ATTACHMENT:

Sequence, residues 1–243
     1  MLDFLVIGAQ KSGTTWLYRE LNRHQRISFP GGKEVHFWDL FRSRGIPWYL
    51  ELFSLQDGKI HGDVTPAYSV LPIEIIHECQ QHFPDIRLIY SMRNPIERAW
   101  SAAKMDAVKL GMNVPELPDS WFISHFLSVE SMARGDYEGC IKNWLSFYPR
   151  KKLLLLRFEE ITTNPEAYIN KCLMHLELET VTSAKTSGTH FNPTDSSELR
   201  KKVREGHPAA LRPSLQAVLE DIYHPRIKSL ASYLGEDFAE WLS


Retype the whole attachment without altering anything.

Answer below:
Sequence, residues 1–243
     1  MLDFLVIGAQ KSGTTWLYRE LNRHQRISFP GGKEVHFWDL FRSRGIPWYL
    51  ELFSLQDGKI HGDVTPAYSV LPIEIIHECQ QHFPDIRLIY SMRNPIERAW
   101  SAAKMDAVKL GMNVPELPDS WFISHFLSVE SMARGDYEGC IKNWLSFYPR
   151  KKLLLLRFEE ITTNPEAYIN KCLMHLELET VTSAKTSGTH FNPTDSSELR
   201  KKVREGHPAA LRPSLQAVLE DIYHPRIKSL ASYLGEDFAE WLS